With little to spend this summer, Arsenal should be on the lookout for a bargain during this transfer window as the deadline edges ever closer.
Luckily, with June turning into July, there are plenty of free-agents currently on the market – and if Arsenal were to exploit these potential opportunities, they could make their measly transfer budget go a lot further during the off-season.
And Unai Emery could do a lot worse than revisit one of his former players to provide the solid back-up that the likes of Carl Jenkinson can’t – in Brazilian international Dani Alves.
Having spent a year under the Spaniard’s leadership at PSG, Alves may be more attuned to Emery’s methods than most of his other potential targets – and with the title-winning pedigree that would follow him into Arsenal, the 36-year-old would bring more to the club than simply filling in for absentees.
It didn’t quite work out for Lichtsteiner at Arsenal, but even though Alves is a year older, his endurance at the top level of the game (captaining his country at Copa America this summer), suggests adjusting to life in the Premier League may be an easier feat for Alves to achieve.
Though it may only be a matter of time before his age catches up with him, even if The Gunners were only able to acquire his services for a year, that could turn out to be the difference between securing Champions League football and yet another season in the Europa League.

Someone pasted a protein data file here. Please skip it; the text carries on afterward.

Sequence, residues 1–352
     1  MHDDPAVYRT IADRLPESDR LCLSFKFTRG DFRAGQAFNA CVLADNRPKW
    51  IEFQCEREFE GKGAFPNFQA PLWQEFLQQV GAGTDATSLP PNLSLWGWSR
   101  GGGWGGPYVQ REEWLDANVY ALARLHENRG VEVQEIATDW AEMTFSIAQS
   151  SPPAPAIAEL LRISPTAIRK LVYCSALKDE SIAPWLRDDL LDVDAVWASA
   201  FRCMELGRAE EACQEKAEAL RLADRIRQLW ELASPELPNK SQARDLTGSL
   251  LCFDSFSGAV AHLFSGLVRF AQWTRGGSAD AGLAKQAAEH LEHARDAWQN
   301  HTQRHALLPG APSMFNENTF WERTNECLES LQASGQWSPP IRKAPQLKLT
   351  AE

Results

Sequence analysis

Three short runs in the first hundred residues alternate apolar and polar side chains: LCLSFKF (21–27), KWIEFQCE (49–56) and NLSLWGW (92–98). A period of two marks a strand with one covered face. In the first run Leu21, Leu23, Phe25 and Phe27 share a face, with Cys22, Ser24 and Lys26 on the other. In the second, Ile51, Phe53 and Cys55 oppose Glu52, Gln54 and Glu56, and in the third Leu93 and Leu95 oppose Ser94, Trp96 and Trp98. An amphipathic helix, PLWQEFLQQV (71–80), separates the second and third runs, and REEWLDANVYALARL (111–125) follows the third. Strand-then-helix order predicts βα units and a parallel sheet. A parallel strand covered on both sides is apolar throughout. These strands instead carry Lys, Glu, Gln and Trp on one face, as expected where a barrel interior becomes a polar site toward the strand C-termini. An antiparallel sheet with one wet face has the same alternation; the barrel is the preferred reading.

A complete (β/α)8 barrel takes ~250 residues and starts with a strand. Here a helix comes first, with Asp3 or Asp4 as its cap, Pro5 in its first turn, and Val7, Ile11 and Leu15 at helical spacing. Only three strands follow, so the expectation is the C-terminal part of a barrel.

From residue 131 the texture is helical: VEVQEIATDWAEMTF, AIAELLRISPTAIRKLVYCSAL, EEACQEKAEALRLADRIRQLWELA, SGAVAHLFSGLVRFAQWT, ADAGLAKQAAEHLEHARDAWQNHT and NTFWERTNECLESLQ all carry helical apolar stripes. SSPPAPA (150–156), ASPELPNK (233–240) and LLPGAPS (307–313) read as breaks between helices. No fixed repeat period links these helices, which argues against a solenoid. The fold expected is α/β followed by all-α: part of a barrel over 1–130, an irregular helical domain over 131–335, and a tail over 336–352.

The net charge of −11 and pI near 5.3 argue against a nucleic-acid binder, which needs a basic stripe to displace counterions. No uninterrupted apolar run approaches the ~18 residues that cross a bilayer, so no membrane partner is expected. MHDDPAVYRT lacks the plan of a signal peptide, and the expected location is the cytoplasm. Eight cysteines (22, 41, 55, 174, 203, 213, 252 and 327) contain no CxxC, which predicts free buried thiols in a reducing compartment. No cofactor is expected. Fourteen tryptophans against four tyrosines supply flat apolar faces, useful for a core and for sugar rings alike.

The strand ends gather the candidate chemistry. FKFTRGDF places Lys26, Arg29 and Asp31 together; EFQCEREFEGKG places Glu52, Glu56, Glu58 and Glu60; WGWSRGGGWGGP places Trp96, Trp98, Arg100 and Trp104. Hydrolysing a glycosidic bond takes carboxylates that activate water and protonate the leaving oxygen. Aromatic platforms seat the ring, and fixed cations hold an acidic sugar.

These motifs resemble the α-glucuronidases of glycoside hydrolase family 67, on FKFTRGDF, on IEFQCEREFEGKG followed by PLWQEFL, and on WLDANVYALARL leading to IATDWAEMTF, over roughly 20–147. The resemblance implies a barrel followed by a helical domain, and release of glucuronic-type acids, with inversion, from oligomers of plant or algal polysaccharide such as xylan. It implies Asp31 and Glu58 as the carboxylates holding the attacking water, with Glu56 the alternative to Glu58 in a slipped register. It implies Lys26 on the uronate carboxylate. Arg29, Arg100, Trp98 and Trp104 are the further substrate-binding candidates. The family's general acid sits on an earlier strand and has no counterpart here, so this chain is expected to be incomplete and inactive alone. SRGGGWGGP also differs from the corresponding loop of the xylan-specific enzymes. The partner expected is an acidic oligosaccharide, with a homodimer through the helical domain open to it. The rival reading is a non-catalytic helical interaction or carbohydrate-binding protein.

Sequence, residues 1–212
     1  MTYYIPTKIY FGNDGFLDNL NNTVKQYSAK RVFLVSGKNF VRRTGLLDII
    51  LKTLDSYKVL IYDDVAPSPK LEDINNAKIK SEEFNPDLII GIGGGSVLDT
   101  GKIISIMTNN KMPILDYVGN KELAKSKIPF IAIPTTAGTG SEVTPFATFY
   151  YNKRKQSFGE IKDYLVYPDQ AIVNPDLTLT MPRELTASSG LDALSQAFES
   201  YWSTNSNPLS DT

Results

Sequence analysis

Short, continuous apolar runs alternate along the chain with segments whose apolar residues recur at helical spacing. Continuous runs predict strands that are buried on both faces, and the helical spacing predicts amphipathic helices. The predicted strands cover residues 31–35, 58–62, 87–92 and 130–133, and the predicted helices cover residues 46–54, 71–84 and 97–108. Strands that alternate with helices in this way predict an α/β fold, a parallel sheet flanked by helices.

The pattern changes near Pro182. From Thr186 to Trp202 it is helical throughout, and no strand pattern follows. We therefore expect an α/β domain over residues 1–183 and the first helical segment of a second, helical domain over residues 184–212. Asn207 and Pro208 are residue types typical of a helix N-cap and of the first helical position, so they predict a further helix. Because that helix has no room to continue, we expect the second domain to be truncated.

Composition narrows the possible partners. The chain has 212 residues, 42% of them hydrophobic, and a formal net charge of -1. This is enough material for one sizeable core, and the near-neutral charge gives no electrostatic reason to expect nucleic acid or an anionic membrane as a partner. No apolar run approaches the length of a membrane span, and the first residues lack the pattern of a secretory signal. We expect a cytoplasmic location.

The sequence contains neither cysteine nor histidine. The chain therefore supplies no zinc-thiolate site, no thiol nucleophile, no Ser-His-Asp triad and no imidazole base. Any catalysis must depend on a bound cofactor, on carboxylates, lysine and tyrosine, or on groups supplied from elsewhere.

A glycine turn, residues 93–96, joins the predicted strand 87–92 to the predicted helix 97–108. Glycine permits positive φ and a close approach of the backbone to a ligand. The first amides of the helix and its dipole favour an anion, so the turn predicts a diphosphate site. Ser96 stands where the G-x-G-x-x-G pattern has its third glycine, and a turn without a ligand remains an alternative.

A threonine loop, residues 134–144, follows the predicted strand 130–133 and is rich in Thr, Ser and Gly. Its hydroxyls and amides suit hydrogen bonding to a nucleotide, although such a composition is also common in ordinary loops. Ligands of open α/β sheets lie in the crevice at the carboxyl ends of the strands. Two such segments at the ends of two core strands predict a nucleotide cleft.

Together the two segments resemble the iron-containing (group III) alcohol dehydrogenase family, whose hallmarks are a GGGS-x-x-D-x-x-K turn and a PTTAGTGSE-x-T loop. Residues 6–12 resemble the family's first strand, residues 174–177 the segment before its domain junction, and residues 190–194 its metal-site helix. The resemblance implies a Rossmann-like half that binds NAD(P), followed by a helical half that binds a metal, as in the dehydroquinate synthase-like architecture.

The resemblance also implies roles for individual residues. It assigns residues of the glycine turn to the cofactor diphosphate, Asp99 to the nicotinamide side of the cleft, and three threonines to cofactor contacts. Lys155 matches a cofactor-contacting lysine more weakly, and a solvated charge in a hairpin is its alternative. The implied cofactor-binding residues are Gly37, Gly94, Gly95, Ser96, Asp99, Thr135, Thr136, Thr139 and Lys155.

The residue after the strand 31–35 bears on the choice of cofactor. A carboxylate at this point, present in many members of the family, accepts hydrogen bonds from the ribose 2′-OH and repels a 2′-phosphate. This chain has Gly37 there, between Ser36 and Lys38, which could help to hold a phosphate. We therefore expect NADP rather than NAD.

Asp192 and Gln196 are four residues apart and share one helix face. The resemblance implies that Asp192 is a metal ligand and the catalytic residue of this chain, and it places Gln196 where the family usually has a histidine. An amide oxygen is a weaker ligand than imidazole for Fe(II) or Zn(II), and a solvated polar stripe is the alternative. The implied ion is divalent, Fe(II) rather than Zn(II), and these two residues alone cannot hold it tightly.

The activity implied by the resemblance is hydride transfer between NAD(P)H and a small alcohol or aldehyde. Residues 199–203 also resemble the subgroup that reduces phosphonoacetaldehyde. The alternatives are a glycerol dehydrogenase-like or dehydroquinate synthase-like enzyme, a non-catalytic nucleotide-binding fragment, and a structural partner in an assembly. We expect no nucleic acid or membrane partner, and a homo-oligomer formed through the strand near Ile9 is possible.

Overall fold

And in Arsenal’s hour of need, they require all the help they can get – no matter how short-lived the rewards turn out to be.
Everything has a knock-on effect. If playing Dani Alves for the first few weeks of the season while Bellerin nears full fitness reaps more points than it would with Ainsley Maitland-Niles in his place – and Arsenal squeeze over the top-four line in May – Emery could be looking at a bumper transfer kitty next year because of a genius masterstroke from the year before.
Alves may well turn out to be Arsenal’s proverbial domino in their quest to return to the Champions League and whether he ends up playing eight games or 58 games, for the price of nothing (plus a potentially meaty wage), Emery may be taking a greater risk waiting on a longer-term investment to deliver the goods – when what Arsenal need is success now.
You only need to look at Alves’ CV when it comes to success. And when you weigh up the risk and reward, it is hard to argue against the Brazilian offering Arsenal the service, experience, and mettle to solve their current domestic woes.